Election 2014

Juliet Fromholt

Around the state, on the campaign trail and through the halls of the Statehouse, young Ohioans are playing a major role in their communities. The Millennial Generation is now the biggest demographic in America, even outnumbering Baby Boomers. Those born between 1980 and 2000 are becoming a bigger part of Ohio’s policymaking and election process.

Harry Bossey, who owns an export business in Miamisburg, is running for the second time as a Republican against Democratic Montgomery County Auditor Karl Keith.
Lewis Wallace / WYSO

Many Miami Valley voters will be asked to choose a county auditor on the ballot on Tuesday—but some might not be clear on why the office matters.

kristen_a / Flickr Creative Commons

Abortion is likely the first thing that comes to many people’s minds when they hear the words, women’s issues. But that’s only one issue women are concerned about. In fact, there are other issues that many women say are more significant to them. Ohio Public Radio’s Jo Ingles reports on what those women want and how they are going about the process of getting it.

Both Democrats and Republicans have launched major voter turnout efforts in advance of the November 2014 election.  vote election voters
elycefeliz / Flickr/Creative Commons

Both major political parties are in the last-ditch push to get their voters to return early ballots or to turn out on Election Day Nov. 4.

Matt Borges, chair of the Ohio Republican Party, says the party learned a lot from losing the races for president and U.S. Senator in 2012.

Measuring Ohio’s Economic Changes Under Gov. John Kasich

Oct 31, 2014
Zack McCarthy / Flickr

Ohio Gov. John Kasich is running a relatively low-profile reelection campaign. He’s not debating on TV. Instead, he’s betting his record on the economy will bring in the votes he needs.

When making his case for reelection, Kasich will point to the big headline numbers in Ohio’s jobs story, as he did in an interview with Statehouse correspondent Karen Kasler.

Governor John Kasich made a campaign stop in Beavercreek Tuesday.
Lewis Wallace / WYSO

There aren’t many undecided voters in this election, especially when it comes to the candidates for governor, but that doesn’t mean all voters are happy with the options they have.

The polls haven’t been good to Democratic candidate for governor Ed FitzGerald. He’s trailing Republican incumbent John Kasich in overall likely voters, and in the latest Quinnipiac poll, 16 percent of Democrats say they have an unfavorable opinion of him, along with 44 percent of Republicans.

As election day draws closer, several Clark County races have heated up. The race for a seat as a Clark County commissioner between incumbent Republican Rick Lohnes, who is one of two GOP members on the three person commission, and attorney David Herier, a Democrat, is one to watch closely, according to political analyst Rob Baker of Wittenberg University.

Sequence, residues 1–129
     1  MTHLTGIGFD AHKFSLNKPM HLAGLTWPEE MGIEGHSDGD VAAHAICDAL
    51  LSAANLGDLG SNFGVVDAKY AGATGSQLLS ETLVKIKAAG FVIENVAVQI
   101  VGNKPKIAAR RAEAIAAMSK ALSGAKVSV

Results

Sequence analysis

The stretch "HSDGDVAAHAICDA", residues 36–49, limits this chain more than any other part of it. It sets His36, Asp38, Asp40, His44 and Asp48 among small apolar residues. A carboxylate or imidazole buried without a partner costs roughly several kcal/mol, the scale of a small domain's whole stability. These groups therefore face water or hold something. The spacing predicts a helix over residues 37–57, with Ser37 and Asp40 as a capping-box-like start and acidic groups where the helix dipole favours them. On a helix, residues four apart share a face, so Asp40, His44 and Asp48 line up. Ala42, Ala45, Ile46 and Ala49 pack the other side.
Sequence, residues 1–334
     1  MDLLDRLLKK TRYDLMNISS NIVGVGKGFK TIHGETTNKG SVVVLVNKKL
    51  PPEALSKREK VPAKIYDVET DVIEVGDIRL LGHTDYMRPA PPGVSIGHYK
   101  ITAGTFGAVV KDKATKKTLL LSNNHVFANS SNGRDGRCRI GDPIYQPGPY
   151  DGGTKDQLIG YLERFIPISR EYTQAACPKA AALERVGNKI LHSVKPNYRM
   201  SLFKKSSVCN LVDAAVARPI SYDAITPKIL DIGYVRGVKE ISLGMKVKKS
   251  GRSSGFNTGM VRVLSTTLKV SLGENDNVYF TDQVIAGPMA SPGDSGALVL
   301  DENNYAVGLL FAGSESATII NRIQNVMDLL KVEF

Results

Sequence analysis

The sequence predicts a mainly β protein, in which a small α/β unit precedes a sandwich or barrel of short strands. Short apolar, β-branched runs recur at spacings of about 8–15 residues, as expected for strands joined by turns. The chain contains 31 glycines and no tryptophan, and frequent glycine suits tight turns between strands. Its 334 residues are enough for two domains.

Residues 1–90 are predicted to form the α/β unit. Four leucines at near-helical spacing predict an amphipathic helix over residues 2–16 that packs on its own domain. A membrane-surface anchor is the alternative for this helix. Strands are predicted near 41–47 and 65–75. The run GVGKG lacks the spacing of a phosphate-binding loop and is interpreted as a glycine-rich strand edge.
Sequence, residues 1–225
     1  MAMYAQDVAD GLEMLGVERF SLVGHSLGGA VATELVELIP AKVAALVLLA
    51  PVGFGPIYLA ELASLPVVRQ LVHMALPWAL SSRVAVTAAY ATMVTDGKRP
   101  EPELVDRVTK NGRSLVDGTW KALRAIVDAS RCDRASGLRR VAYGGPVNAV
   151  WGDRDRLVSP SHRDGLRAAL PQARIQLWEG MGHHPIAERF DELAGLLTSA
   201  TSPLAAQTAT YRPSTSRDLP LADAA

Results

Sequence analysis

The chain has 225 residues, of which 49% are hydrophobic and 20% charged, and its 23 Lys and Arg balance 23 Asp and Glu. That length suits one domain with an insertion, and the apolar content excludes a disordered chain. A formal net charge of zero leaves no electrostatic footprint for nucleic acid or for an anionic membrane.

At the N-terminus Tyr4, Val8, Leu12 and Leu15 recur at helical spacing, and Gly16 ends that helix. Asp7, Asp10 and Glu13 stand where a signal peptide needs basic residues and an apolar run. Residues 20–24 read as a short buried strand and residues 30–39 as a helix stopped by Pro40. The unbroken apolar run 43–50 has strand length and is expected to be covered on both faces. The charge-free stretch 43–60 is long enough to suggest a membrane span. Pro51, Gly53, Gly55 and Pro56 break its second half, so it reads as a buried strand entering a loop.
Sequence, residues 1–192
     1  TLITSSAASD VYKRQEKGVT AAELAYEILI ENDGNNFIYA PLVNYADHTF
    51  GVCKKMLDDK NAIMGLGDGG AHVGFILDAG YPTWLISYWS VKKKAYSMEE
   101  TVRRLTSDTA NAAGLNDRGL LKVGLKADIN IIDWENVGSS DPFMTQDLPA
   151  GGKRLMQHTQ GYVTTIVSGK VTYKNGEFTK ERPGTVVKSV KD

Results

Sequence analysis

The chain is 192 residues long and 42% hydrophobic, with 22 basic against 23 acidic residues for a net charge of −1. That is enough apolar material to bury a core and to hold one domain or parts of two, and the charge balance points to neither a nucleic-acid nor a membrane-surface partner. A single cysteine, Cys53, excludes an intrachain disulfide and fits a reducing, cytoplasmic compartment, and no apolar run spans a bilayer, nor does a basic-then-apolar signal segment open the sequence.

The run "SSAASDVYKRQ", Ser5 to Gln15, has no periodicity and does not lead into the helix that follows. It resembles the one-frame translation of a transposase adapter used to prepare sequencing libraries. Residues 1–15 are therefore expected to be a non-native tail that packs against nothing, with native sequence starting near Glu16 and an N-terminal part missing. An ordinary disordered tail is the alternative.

Seven State School Board Seats In Play This Election

Oct 29, 2014
Wirawat Lian-udom / Flickr Creative Commons

If you're following politics this year you probably know most of the candidates on the ballot for statewide offices, your congressional district, and maybe a few local seats. But do you know who is running for state school board? Candidates in seven board districts are vying for votes this election. The board exerts considerable influence over education policy, and it just might be worth giving the candidates a look before heading to the polls on Election Day.

Dan Foley - Twitter

Three people are vying for a seat as Montgomery County Commissioner in the election November 4th. The incumbent, Democratic Commissioner Dan Foley, will face off against former Dayton Mayor, independent Gary Leitzell, and Republican Mike Nolan.  

Commissioner Foley says the last eight years have been tough on the Miami Valley, but things are getting better.

“You know, while nobody’s walking down the street giving high-fives to each other yet, we are clearly starting to fight back and I’ve played a part in that," he says.

Some Clark County voters will be casting their ballots at new locations this election day after the Clark County Board of Elections changed several polling locations to accommodate people with disabilities.

Election board members had to find new locations after the Ohio Secretary of State’s Office conducted a preliminary voting inspection and found that nearly a dozen polling places failed to meet accessibility requirements for people with disabilities.

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